It’s easy to see why somebody would believe that Mike Burroughs of Stanceworks performed a Honda K24 swap on his Ferrari 308 just to upset purists. That’s not the case, though. Instead, the enthusiast has envisioned the project as a still-road-legal Prancing Horse racer car on a budget (the term is relative and we’ll get back to that). And now that Mike drove the machine a couple of feet in preparation for its SEMA 2022 display, he’s come closer than ever before to make that dream a reality.
Taking a car to the limit on the track is an art and immensely rewarding. Heck, Enzo Ferrari himself was so dedicated to this that he considered the company’s road car division a mere accessory that would provide the funding for his beloved motorsport activities. In contemporary times, the Prancing Horse has no shortage of race cars, be these aimed at amateurs or professional drivers. For one, Ferrari only recently took the wraps off the 499P, a Le Mans Hypercar that will mark the carmaker’s return to top-tier endurance racing for the 2023 season after a 50-year hiatus.
However, there’s one aspect of racing a Fezza that hasn’t changed, namely a gargantuan budget. And while we haven’t reached the point of the build where Mike lists his investment, it’s clear that the enthusiast handling the fabrication and seeking all sorts of unconventional solutions will allow him to keep the budget in check.
Did we say “fabrication”? We meant “tons of fab”, as this project has required endless pieces of the sort and adaptations since Mike bought what used to be a stock Fly Yellow Ferrari 308GTBi with 38,000 miles (61,000 km) back in December 2020.
An immensely complex project
Now, during our in-depth article on the Honda-swapped Ferrari 308 from back in May, we counted some 90 YouTube videos used by Mike to document the car. Meanwhile, his Stanceworks channel has uploaded another 25 clips or so, with most of them being between 15 and 20 minutes long, another testament to the complexity of the build.
Now, an additional element that may help traditionalists get over the #sacriledge part is the performance. You see, the 308, which was built between 1975 and 1985, was never among the top Prancing Horses out there, with an important part of that being due to its N/A 3.9L V8 only making about 200 hp.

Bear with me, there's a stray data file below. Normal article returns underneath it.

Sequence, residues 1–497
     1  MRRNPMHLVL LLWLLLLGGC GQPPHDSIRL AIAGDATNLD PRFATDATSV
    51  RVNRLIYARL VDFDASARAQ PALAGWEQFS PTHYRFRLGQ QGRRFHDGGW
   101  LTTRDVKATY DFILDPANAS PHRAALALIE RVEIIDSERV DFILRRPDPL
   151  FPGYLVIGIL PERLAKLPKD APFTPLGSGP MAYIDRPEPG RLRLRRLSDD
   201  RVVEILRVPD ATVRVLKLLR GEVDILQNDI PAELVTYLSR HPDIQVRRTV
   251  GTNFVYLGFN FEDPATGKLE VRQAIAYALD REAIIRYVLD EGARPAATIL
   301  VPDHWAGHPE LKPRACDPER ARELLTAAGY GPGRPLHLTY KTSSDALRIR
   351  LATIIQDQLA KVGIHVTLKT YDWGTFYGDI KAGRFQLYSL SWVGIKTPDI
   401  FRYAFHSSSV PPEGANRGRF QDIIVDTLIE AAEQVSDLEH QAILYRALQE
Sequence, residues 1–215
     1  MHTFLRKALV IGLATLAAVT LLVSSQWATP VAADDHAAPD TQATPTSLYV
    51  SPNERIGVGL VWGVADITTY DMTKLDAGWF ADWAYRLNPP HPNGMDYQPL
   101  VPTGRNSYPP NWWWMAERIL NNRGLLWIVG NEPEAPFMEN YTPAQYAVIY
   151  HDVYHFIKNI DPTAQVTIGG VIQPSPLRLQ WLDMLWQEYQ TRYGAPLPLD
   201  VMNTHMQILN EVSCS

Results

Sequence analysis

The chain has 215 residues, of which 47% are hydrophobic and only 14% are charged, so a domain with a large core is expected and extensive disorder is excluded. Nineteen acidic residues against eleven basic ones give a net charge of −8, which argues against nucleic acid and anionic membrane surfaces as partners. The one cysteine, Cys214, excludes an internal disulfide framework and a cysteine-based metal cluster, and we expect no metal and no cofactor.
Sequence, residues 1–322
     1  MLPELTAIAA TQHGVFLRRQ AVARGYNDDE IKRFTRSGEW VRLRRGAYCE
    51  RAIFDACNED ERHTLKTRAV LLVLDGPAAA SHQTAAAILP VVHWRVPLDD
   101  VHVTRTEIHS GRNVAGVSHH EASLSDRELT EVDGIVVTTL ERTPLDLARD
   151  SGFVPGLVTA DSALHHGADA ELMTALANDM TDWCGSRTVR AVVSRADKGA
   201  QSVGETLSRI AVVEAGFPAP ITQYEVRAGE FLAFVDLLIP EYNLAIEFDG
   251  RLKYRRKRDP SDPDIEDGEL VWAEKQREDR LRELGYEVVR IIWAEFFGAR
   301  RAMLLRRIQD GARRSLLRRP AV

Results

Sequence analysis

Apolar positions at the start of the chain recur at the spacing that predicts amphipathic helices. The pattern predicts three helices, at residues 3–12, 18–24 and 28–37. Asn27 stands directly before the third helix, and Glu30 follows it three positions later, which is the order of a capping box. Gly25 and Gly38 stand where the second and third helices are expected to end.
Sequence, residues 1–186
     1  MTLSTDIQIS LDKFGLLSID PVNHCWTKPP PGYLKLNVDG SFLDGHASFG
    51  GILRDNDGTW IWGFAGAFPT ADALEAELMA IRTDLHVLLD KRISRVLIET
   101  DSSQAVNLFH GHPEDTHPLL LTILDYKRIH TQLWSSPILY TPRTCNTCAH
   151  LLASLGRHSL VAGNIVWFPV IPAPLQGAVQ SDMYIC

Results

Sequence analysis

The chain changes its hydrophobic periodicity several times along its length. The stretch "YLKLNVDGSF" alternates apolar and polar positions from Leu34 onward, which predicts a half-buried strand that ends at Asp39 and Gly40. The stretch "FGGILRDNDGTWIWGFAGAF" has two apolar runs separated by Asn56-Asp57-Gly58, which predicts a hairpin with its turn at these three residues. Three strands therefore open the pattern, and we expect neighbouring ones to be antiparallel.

The Italian V8 also accounts for 611 lbs (277 kg) of the 308’s 3,132 lbs (1,420 kg) scale footprint—one reason why Mike went with the four-cylinder equivalent of an LS swap instead of an actual V8 is to keep the weight in check, which is a top asset on the track.
Speaking of motivation, the 2.4L Honda four-cylinder has received a Garrett turbocharger capable of delivering over 1,000 hp. And the unit is mated to a Quaife sequential transmission.
Stopping power comes from Wilwood Brakes and while installing these wasn’t the most difficult thing in the world, the suspension is another story altogether. Mike went back to the drawing board for this area, fabricating control arms and generally doing his best to ensure stellar handling for the machine.
What’s new with the Honda-swapped Ferrari 308 for 2022 SEMA
For the Las Vegas event, the enthusiasts had the whole car finished in white and added some serious carbon fiber aero to the Liberty Walk overfenders (we’ll also thank Full Throttle NYC for some of the images below). And, with the Son of Cobra-delivered carbon front splitter, side skirt extensions, rear diffuser, and rear wing, this thing now looks like a proper time attack tool.
Those cool wheels (should we risk using the “period-correct” label?) are Rotiforms, with the clean five-spoke design appearing suitable for the lap time focus of the creation.
The vehicle is displayed in the CSF Radiators booth—this is the provider of the cooling hardware, which is a key part of a track car. And look, it even has fresh badges: building on the factory 308—3.0L, 8 cylinders—the machine now sports 244 GTK branding, which stands for 2.4L, 4-cylinder, K-Series.
Now, Honda was never a part of the 1980s turbocharged rally madness that was Group B, but Ferrari did try to participate. And once you listen to the Honda K24-powered Ferrari 308 moving under its own power in the short Insta video below, you’ll understand why this mention was necessary.